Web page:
By NewsDesk @infectiousdiseasenews
The Centers for Disease Control and Prevention (CDC) issued a travel notice this week for the north-central African country of Chad because of an outbreak of visceral leishmaniasis.
Sporadic cases of leishmaniasis have been reported in Chad since 2018. Since 1 January 2018 to 31 May 2021, a total 122 cases of VL and six fatalities have been reported by three provinces of N’Djamena, Borkou and Tibesti.
Recently, cases have increased, prompting the Ministry of Health and National Solidarity to activate a National Coordination team to strengthen surveillance, increase the capacity of health care workers, and provide drugs and rapid diagnostic tests to provincial hospitals.
The risk of infection for most travelers is low. Travelers at highest risk for infection are long-term travelers, expatriates, adventure tourists, immigrants, refugees, missionaries, and humanitarian workers.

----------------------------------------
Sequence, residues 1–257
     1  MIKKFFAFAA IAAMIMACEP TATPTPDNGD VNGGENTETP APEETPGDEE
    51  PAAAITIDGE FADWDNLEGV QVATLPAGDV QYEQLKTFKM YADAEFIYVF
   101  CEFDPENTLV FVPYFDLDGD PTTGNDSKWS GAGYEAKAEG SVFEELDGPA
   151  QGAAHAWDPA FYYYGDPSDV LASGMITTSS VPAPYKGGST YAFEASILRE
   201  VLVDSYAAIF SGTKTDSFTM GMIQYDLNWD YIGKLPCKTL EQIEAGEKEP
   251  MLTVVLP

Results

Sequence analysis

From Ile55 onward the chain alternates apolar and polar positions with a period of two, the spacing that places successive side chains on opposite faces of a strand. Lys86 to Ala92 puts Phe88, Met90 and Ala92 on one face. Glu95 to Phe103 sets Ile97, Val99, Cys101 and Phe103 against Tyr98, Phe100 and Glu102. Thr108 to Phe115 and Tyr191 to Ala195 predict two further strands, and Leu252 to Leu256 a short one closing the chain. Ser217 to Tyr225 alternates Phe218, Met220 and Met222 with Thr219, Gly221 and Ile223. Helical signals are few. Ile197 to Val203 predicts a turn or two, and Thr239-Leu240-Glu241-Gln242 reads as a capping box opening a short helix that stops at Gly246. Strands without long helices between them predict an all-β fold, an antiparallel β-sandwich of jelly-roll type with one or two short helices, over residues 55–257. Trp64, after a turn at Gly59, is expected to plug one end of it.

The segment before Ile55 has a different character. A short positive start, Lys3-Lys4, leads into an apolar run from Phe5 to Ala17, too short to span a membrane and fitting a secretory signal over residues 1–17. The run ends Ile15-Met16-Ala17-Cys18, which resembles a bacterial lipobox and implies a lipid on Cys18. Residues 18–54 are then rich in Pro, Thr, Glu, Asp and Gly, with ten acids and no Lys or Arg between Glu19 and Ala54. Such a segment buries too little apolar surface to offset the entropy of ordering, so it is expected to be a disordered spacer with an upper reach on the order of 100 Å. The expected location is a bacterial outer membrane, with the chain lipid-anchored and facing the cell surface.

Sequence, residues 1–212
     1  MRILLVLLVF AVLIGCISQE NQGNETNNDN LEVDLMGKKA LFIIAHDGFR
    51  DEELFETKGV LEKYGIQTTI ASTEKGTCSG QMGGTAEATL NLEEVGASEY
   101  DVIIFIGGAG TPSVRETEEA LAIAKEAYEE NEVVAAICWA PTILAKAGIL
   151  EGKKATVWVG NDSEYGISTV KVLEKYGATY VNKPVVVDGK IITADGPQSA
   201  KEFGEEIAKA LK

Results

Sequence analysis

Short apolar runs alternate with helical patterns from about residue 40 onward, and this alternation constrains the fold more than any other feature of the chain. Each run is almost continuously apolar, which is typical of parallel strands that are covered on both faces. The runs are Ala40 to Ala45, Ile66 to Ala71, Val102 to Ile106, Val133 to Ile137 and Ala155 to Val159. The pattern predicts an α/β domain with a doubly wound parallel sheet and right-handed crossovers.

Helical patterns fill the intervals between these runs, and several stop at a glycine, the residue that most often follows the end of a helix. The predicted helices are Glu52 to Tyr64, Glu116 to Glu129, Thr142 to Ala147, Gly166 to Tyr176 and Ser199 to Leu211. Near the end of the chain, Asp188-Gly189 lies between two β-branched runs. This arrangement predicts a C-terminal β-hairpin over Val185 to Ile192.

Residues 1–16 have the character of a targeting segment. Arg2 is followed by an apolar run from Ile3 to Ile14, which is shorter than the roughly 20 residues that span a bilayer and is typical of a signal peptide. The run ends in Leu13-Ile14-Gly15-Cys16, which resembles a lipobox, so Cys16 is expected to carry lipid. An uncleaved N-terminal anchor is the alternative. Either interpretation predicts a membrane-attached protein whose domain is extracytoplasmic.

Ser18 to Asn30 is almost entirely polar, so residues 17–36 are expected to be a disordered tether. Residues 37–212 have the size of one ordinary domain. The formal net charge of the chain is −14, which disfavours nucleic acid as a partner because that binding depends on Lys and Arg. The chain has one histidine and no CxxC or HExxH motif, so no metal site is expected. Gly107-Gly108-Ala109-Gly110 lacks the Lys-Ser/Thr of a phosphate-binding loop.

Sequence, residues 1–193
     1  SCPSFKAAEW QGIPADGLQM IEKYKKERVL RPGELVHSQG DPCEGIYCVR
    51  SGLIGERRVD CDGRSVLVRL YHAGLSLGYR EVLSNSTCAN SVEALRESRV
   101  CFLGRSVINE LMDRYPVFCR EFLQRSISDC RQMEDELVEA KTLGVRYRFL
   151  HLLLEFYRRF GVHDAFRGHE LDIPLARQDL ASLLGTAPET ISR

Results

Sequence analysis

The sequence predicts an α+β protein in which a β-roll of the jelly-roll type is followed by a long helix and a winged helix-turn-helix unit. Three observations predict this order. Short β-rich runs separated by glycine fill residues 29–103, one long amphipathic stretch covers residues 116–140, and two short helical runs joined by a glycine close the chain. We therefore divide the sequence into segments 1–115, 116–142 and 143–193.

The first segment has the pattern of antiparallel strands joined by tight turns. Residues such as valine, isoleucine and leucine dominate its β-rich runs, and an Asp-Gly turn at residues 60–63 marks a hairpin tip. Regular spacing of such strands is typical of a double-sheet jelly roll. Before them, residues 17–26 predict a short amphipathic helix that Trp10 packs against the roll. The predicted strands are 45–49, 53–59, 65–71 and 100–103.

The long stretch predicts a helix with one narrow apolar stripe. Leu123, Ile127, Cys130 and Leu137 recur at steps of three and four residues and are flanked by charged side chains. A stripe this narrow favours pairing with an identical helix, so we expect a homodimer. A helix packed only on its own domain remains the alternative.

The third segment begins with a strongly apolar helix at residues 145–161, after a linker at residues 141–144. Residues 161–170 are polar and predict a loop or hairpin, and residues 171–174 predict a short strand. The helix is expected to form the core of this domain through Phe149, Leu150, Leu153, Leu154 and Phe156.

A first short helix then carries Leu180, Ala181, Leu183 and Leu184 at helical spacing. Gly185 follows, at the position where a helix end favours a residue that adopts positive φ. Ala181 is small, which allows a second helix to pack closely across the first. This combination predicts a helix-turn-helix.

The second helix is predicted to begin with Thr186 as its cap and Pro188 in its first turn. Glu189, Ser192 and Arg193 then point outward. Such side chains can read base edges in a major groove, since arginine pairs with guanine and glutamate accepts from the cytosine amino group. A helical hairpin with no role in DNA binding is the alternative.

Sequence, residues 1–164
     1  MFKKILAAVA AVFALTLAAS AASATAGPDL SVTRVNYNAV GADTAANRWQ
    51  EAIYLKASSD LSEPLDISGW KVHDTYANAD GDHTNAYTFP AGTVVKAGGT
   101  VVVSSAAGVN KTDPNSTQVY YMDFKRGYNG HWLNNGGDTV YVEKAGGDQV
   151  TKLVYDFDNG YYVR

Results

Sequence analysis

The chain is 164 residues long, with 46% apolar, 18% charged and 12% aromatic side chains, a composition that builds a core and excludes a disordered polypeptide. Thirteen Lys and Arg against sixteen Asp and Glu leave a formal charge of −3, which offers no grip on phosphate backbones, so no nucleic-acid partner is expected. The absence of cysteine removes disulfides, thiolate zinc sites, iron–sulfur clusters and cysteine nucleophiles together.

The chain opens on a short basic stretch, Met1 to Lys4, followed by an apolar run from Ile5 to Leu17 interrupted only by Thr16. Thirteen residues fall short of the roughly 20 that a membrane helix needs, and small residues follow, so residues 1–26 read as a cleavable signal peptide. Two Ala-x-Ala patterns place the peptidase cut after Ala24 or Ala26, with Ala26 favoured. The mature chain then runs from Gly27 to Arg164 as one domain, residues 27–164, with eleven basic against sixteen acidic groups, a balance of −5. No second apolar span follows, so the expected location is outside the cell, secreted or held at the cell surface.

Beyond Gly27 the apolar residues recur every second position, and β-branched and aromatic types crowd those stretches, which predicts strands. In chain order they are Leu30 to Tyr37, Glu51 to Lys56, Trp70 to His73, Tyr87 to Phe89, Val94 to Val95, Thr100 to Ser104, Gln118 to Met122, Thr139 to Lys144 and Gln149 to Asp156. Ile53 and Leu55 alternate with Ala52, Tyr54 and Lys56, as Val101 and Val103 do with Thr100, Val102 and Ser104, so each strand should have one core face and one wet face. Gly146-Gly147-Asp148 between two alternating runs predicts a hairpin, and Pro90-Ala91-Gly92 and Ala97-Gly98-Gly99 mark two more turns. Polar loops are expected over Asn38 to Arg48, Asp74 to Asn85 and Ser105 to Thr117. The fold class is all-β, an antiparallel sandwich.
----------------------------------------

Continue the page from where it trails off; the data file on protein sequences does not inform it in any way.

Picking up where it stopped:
There are no vaccines or medicines that prevent leishmaniasis. CDC advises travelers to affected areas in Chad take the following steps to prevent sand fly bites.
Visceral leishmaniasis (VL), also known as kala-azar, or black fever, is the most serious form of leishmaniasis. It is a disease caused by a parasite of the genus Leishmania. Among parasites,
it is the second biggest killer in the world after malaria. Each (Plasmodium and Leishmania) is responsible for an estimated half a million deaths worldwide each year.
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